UK fertility laws to be reviewed
Dr. Kirsty Horsey
Progress Educational Trust15 August 2005
The UK's Department of Health (DH) is to invite views on the way that some assisted reproductive technologies (ARTs) are regulated in the UK. Its review forms part of a wider consultation on the Human Fertilisation and Embryology (HFE) Act, passed in 1990, which some say has become out-of-date, 'outstripped' by medical advances - for example in preimplantation genetic diagnosis - as well as social and market changes.
One of the areas expected to be considered is the regulation of UK-based websites that trade in fresh human sperm and eggs. While the HFE Act regulates and licenses clinics that store and use human gametes, fresh sperm and eggs kept and traded outside of licensed clinics are not subject to the law. This has prompted claims that people who use website services are afforded lesser protection than people who use licensed clinics, as samples are less likely to be rigorously tested for disease or go through the same safety or quality processes than they would in a clinic. Neither would customers receive adequate information, counselling or legal protection, it is thought. Another major difference is that gamete donors who donate through website services would, in law, be regarded as the parents of any offspring - whereas this is not the case when donation takes place under the licensing procedures of the HFE Act.
The public consultation, to be launched this week via the DH website, will ask whether the HFE Act should be amended in order to either ban these companies altogether, or regulate them under the terms of the Act, so that the same quality standards are maintained across the board.
Another issue that the consultation will invite views on is the requirement in the Act that clinics providing fertility services must take the welfare of the potential future child into consideration when making their decisions, including 'the need of that child to have a father'. While some clinics will treat single women and lesbians, others can use this provision to deny them treatment.
Suzi Leather, chair of the UK's Human Fertilisation and Embryology Authority, which oversees the regulation of ARTs in the UK, has already publicly stated that this provision is 'a nonsense'. And the House of Commons Science and Technology Committee, which has already held its own review of the legislation, called it 'offensive' and potentially discriminatory. The review will ask for views on how medical judgements and the patients' desire for a child and freedom to make choices are balanced against the interests of the child to be born.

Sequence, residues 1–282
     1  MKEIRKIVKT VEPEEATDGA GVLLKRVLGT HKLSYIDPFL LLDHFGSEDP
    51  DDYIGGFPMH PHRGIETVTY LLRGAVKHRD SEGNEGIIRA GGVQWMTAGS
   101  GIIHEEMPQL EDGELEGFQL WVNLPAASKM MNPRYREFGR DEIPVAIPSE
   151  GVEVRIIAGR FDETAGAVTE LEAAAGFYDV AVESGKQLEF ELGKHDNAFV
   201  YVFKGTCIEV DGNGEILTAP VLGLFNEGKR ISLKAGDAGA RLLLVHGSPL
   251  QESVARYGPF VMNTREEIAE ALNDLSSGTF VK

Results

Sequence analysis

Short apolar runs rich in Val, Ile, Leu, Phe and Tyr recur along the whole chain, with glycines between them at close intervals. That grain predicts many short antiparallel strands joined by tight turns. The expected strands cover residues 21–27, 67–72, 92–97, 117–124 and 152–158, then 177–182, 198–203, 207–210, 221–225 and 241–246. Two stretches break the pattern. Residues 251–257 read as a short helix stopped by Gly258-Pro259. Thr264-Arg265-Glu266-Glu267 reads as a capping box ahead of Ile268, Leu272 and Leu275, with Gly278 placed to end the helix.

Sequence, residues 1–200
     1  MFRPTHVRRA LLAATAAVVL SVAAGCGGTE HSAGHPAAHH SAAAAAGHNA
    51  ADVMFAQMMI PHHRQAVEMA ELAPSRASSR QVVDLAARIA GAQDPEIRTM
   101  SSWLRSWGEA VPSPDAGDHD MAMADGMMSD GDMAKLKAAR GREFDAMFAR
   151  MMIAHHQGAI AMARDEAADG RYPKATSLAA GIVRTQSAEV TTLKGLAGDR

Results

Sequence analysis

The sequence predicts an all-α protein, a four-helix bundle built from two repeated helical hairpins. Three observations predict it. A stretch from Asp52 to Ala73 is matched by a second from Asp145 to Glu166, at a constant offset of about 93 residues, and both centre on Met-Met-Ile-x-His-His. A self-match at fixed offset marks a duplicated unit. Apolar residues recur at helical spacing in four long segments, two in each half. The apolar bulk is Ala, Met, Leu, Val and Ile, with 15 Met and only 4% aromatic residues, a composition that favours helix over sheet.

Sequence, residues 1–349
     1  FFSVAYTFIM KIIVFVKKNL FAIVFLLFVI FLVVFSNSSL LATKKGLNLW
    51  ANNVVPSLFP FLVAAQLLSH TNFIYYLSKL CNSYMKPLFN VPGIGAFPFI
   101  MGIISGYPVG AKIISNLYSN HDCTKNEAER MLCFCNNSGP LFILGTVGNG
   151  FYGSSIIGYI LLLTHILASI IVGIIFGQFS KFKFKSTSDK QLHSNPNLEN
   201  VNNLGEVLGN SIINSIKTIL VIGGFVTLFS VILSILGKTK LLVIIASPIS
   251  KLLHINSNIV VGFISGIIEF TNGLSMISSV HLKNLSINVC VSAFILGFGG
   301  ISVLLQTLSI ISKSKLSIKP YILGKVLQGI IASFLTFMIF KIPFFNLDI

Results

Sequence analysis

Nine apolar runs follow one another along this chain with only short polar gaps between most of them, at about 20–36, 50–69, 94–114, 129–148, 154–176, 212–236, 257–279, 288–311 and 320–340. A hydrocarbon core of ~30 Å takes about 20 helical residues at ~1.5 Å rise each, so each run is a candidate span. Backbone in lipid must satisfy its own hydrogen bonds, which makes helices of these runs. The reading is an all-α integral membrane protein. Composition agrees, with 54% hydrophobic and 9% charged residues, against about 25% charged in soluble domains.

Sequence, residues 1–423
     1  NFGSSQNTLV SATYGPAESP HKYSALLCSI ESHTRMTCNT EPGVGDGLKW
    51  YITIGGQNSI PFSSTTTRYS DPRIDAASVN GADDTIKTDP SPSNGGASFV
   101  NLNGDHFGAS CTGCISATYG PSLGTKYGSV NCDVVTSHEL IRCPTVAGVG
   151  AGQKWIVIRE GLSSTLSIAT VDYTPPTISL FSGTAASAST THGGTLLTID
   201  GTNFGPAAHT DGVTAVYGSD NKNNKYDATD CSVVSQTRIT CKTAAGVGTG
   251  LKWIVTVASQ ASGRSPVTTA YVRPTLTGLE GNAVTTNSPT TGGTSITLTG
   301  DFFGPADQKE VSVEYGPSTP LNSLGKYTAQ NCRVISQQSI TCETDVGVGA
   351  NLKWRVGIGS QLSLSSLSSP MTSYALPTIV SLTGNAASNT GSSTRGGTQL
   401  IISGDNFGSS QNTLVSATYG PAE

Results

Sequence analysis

However, a spokeswoman for the DH has been quoted as saying that even if the Act was changed, state-funded fertility services are still unlikely to be available to single and lesbian women as they would remain prioritised. It would just mean that such women could not be denied private treatment on the basis that there was no male partner involved.
Public Health Minister Caroline Flint said that the purpose of the consultation is to ensure that legislation keeps up with the latest scientific and technical developments in ART. Although the HFE Act had served its purpose well, she said, 'we never expected the Act would remain forever unchanged in the face of major developments in science and medicine'. She added: 'we want to ensure that we can continue to reap the benefits of the latest scientific developments within a system that continues to inspire public confidence'.
Reproduced with permission from BioNews, an email and online sources of news, information and comment on assisted reproduction and genetics.